Snow from devastating Buffalo storm that killed 31 begins to melt

The ‘once-in-a-generation’ winter storm that has frozen the city of Buffalo has begun to melt, and local officials are scrambling to clear the streets before flooding threatens the devastated region.

The Buffalo area saw about 52 inches of snow over the last four days, according to the National Weather Service (NWS).

Combined with another massive snowstorm that hit the region weeks earlier, Buffalo saw a total of 92.7 inches of snow in the last three months. The region typically sees an average of 95 inches of snow every winter.

At least 31 people have died in New York’s second largest city after the storm snowed residents in for days.

A total of 17 of those dead were found outside stranded in the blizzard. Another three people were found dead in their cars, Erie County Executive Mark Poloncarz said.

Additionally, another seven people died in their homes after they lost heat.

The rest of the fatalities occurred due to medical emergencies. One person died when an ambulance was delayed in the blizzard, while three more had heart attacks while shoveling snow.

Buffalo’s emergency services were stretched thin during the storm. On Saturday night, almost every fire truck in the city had been stranded in the snowfall.

On Tuesday, the New York State Police and National Guard Military Police began enforcing a ban on driving within the city of Buffalo, which officials said residents were not following.

‘Please stay off the roads to allow crews to plow streets and remove abandoned vehicles,’ Buffalo Mayor Byron Brown said on Tuesday. ‘We are plowing and hauling snow in all sections of the City.’

Poloncarz put it more frankly: ‘Please stay out of the city of Buffalo.’

Meanwhile, crews are working quickly to transport snow in dump trucks out of the city’s streets. Poloncarz estimated that it would take about two days for the crews to ensure at least one lane is open on each street.

New York Governor Kathy Hochul called the storm a ‘once-in-a-generation’ weather event and thanked New York’s first responders for their hard work over the last four days.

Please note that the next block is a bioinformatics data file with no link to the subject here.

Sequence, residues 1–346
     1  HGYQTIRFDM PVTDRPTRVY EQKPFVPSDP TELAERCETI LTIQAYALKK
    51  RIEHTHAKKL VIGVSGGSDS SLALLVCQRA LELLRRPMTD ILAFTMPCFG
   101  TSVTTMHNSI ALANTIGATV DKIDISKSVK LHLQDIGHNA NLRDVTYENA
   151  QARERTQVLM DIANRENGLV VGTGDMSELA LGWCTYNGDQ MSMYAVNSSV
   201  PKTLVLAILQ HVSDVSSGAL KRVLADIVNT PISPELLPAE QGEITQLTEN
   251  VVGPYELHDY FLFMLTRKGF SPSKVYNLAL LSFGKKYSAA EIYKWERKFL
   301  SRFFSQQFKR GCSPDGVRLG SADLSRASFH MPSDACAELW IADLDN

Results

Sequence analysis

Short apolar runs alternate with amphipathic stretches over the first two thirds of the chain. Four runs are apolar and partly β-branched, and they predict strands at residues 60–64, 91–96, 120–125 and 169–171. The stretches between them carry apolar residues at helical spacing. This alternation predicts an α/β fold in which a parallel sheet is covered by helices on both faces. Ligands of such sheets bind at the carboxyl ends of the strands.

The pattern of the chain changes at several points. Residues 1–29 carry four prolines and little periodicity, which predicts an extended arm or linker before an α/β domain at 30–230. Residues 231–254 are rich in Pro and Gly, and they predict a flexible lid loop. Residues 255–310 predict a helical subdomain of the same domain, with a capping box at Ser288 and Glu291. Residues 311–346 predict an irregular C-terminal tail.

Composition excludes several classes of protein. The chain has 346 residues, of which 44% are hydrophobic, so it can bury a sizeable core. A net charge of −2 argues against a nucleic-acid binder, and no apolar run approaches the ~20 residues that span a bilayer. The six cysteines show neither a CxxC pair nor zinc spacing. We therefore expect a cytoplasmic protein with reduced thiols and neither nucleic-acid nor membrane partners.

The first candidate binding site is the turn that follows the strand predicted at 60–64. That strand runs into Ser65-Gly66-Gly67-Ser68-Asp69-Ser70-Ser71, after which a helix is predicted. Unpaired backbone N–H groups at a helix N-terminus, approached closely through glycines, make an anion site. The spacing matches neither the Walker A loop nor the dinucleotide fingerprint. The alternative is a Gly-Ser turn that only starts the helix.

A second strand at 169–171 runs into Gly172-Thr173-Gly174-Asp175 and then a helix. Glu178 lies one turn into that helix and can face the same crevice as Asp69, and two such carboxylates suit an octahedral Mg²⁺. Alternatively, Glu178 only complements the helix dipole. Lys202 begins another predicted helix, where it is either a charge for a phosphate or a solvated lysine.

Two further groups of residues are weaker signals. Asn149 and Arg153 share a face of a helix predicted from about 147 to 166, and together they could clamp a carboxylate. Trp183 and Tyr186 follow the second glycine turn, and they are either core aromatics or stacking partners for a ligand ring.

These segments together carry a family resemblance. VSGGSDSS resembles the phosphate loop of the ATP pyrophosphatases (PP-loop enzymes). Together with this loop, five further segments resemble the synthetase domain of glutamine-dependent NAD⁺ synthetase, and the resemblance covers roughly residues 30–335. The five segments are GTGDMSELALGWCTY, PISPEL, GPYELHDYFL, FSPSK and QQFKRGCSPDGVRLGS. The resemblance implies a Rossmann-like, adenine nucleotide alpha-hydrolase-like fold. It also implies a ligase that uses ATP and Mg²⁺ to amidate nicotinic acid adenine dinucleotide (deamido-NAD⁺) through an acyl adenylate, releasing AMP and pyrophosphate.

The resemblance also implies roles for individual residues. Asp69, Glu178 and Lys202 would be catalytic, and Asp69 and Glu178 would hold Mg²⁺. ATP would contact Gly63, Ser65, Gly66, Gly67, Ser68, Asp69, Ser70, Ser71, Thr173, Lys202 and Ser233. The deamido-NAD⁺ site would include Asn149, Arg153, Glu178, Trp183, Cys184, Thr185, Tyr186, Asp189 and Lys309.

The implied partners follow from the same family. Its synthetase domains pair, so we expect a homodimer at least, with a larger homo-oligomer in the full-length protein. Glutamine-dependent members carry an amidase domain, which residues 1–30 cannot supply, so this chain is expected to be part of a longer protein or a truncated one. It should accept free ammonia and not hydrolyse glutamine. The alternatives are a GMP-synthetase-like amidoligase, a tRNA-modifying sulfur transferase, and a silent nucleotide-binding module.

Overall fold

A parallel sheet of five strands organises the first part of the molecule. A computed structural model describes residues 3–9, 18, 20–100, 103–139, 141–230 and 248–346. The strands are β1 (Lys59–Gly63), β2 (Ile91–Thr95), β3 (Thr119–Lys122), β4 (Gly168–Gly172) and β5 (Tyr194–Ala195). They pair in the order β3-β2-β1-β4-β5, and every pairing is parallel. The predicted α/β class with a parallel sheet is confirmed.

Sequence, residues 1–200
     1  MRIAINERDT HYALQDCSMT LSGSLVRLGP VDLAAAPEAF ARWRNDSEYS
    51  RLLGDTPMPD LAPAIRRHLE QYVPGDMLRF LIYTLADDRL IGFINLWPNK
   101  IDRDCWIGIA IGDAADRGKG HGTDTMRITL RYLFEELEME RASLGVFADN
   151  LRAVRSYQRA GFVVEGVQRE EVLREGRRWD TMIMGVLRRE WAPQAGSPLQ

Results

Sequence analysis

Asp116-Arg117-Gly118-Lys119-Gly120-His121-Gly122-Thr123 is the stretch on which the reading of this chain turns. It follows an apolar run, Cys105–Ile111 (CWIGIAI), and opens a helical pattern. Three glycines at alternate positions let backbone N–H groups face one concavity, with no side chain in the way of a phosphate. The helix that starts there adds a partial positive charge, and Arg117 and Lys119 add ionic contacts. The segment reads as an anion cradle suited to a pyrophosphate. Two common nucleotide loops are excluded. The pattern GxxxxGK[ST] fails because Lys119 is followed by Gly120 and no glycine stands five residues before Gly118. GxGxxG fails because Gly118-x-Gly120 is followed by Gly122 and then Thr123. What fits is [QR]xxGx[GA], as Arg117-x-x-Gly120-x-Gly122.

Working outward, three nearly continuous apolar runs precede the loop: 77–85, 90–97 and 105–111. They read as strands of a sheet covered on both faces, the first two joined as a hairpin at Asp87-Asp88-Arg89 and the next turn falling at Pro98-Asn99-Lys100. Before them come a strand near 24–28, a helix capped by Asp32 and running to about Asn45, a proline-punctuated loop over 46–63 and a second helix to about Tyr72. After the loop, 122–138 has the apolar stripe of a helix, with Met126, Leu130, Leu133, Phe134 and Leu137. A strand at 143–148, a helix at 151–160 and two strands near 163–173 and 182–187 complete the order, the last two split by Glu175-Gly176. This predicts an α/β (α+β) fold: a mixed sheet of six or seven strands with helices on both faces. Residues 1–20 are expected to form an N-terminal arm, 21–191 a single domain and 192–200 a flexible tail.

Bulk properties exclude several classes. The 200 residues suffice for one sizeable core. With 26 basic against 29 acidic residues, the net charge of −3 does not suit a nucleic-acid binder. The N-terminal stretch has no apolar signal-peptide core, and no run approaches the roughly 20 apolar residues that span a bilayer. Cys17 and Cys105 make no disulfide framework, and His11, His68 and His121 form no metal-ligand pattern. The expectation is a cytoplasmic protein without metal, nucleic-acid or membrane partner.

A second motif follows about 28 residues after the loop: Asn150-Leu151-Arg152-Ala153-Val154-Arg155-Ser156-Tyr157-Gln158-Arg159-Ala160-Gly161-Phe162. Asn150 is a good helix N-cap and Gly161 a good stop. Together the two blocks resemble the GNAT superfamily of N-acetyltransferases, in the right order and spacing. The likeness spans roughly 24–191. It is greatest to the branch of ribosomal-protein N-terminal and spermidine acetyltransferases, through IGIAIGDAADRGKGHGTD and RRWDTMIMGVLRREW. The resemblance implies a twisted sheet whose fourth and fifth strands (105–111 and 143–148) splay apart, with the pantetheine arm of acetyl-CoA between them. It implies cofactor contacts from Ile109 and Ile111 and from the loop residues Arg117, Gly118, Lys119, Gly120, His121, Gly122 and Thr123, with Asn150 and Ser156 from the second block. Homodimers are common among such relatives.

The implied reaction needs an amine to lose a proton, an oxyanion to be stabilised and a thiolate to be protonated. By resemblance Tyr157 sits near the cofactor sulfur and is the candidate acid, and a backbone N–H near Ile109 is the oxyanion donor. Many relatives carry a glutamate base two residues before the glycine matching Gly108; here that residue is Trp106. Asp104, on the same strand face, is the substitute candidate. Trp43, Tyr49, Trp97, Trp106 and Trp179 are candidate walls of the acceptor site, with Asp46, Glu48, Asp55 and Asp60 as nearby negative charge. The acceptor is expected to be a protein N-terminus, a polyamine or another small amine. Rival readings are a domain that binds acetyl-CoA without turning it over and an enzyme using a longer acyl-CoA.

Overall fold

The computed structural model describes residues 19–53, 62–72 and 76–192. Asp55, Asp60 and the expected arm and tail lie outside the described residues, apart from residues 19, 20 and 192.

‘I am heartbroken by the loss of life from this storm,’ the governor said on Twitter. ‘Like all New Yorkers, Bill and I are keeping those we’ve lost — and all their loved ones — in our hearts and in our prayers.’

Hochul continued: ‘The weather events of the past week were some of the worst we’ve ever seen, but together, we showed that New York always stands strong in the face of adversity.’

Many longtime residents have compared this storm to the Blizzard of 1977, a legendary storm that dropped over 100 inches of snow on western New York and killed 29 people across the region.

Weather in the region is expected to gradually get warmer as the week goes on, the NWS said. On Tuesday night, the agency finally lifted the winter weather advisory on the region.

‘It is the first time since 2.22pm on December 20 that we have had NO winter weather headlines in effect for our area,’ The NWS in Buffalo said. ‘That’s one week, 6 hours, 38 minutes.’

The above normal temperatures threaten the region with floods, but the NWS currently predicts this will be of the ‘minor or nuisance variety.’

Temperatures are expected to climb above freezing in the area for the first time in days, with a high of 44 degrees Fahrenheit on Wednesday. Temperatures could climb as high as 56 degrees Fahrenheit by next week.

However, Erie County Commissioner Dan Neaverth Jr told the Washington Post that he was ‘a little bit concerned’ that crews could finish clearing out storm drains and ahead of the impending warm weather.

Additionally, rising temperatures will prevent Lake Erie from freezing over, which could lead to more devastating ‘lake-effect’ storms in the region.

‘We are probably going to be at risk for having serious lake-effect snow as long as the lake is not frozen, and it’s probably not going to be frozen for some time,’ Poloncarz warned on Tuesday.

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